OAKLAND, Calif., Sept. 6, 2013 /PRNewswire/ -- Simple changes in a family's lifestyle can stop chronic illnesses in children before they start. For 12-year-old Austin Stanfill, a makeover of his family's diet allowed him to prevent a type-2 diabetes diagnosis.
Austin was overweight when he went to Kaiser Permanente Orchards Medical Office in Vancouver, Wash. to be treated for pneumonia. Weighing in at more than 150 pounds in the sixth grade, Austin told pediatrician Sara Bell, MD, he often found himself surrounded by junk food. During the appointment, a series of tests revealed a diagnosis of pre-diabetes.
"I was sad and disappointed because I never thought that would happen to me," Austin said. "I thought I was doing OK."
Austin was not alone in fighting his pre-diabetes diagnosis. Nearly 1 in 400 children is diagnosed with type-2 diabetes and the numbers have been increasing. When children are at-risk for chronic conditions such as pre-diabetes and obesity, Kaiser Permanente provides resources, such as dieticians, to help stop these conditions before they start.
To help Austin get healthy, his family banded together to make lifestyle changes recommended by Austin's Kaiser Permanente dietician that would benefit all of them. They swapped unhealthy foods for fresh fruits and vegetables. Austin's parents began buying lean proteins such as chicken and fish.
The transition wasn't easy at first. "Most of the foods I didn't like at the very beginning," Austin said. Yet within two weeks, Austin became accustomed to the new style of eating, which allowed him to shed excess weight and participate in his physical education classes at school.
Dr. Bell kept a close eye on Austin's progress throughout his weight-loss journey, encouraging him along the way. "I sent him a note letting him know that I appreciated the hard work he's done," she said. "I was really impressed."
Since his initial weigh-in at the doctor's office, Austin has shed more than 25 pounds, and is no longer at-risk for pre-diabetes. His new lifestyle has inspired his friends and classmates to get healthy. He's even earned himself a new nickname: Fancy Salad Man.
Had it not been for Dr. Bell's straightforward recommendation to get healthy, Austin would have found himself battling a chronic condition at a young age. "I would probably have diabetes if I kept my lifestyle how it was," Austin said. "I'm glad Dr. Bell told me so that I could get it under control."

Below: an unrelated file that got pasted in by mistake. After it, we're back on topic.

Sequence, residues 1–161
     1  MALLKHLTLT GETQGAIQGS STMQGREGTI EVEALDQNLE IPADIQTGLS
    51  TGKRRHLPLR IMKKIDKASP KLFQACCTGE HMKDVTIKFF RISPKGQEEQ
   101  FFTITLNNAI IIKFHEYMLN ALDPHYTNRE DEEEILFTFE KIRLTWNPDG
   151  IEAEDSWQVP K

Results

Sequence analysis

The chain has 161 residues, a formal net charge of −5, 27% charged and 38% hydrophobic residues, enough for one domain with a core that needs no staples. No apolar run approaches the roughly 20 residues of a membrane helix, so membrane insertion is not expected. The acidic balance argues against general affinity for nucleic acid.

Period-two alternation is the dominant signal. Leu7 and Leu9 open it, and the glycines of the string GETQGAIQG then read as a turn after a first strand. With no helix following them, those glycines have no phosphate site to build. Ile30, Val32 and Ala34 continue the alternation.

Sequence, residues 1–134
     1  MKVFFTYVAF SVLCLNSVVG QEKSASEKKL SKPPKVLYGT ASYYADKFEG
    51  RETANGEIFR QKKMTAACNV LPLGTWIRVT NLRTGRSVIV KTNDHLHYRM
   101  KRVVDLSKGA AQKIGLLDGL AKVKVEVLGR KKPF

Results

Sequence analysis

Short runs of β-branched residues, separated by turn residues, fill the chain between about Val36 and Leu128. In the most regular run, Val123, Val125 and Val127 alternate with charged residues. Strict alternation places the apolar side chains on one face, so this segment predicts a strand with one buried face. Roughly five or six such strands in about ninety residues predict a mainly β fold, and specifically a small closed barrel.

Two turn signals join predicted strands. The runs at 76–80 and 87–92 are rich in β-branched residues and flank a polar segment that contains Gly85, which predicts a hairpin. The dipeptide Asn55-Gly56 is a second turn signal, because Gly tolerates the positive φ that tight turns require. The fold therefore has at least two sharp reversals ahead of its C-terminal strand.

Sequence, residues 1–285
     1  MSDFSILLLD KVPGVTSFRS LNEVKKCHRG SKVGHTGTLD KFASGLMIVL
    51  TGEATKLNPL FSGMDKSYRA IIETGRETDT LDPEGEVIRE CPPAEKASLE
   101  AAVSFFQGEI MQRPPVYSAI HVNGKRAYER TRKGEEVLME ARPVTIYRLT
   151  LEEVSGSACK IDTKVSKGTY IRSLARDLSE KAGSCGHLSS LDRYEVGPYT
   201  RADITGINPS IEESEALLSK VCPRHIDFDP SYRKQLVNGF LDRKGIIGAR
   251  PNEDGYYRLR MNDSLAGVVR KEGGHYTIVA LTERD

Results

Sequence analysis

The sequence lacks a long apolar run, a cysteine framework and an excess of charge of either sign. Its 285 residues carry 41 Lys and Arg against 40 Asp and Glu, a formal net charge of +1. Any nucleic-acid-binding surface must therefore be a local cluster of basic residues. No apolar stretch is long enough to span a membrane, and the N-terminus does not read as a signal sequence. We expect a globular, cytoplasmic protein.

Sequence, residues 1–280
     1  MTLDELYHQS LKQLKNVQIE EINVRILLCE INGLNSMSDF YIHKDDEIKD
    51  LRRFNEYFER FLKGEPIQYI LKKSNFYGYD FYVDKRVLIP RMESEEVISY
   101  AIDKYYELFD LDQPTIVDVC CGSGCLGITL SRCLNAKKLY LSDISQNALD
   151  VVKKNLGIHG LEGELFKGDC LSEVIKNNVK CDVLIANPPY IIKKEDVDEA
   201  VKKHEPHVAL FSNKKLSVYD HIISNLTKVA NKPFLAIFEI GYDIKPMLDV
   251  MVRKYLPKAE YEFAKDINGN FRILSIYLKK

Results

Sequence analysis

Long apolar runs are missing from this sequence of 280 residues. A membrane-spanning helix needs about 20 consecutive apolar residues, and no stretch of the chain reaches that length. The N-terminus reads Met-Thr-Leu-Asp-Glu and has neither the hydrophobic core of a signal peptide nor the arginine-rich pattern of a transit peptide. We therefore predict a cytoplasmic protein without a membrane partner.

To watch Austin's story and learn more about the benefits of a healthy lifestyle, visit the Kaiser Permanente Care Stories blog at kp.org/carestories.
Launched in July 2011, Care Stories is a collection of first-person video narratives from Kaiser Permanente members talking about their own care in their own words, unscripted and uncompensated.
About Kaiser Permanente
Kaiser Permanente is committed to helping shape the future of health care. We are recognized as one of America's leading health care providers and not-for-profit health plans. Founded in 1945, our mission is to provide high-quality, affordable health care services and to improve the health of our members and the communities we serve. We currently serve more than 9.1 million members in nine states and the District of Columbia. Care for members and patients is focused on their total health and guided by their personal physicians, specialists and team of caregivers. Our expert and caring medical teams are empowered and supported by industry-leading technology advances and tools for health promotion, disease prevention, state-of-the-art care delivery and world-class chronic disease management. Kaiser Permanente is dedicated to care innovations, clinical research, health education and the support of community health. For more information, go to: kp.org/newscenter.
Contact: Farra Levin, 510-414-9246, email@example.com
SOURCE Kaiser Permanente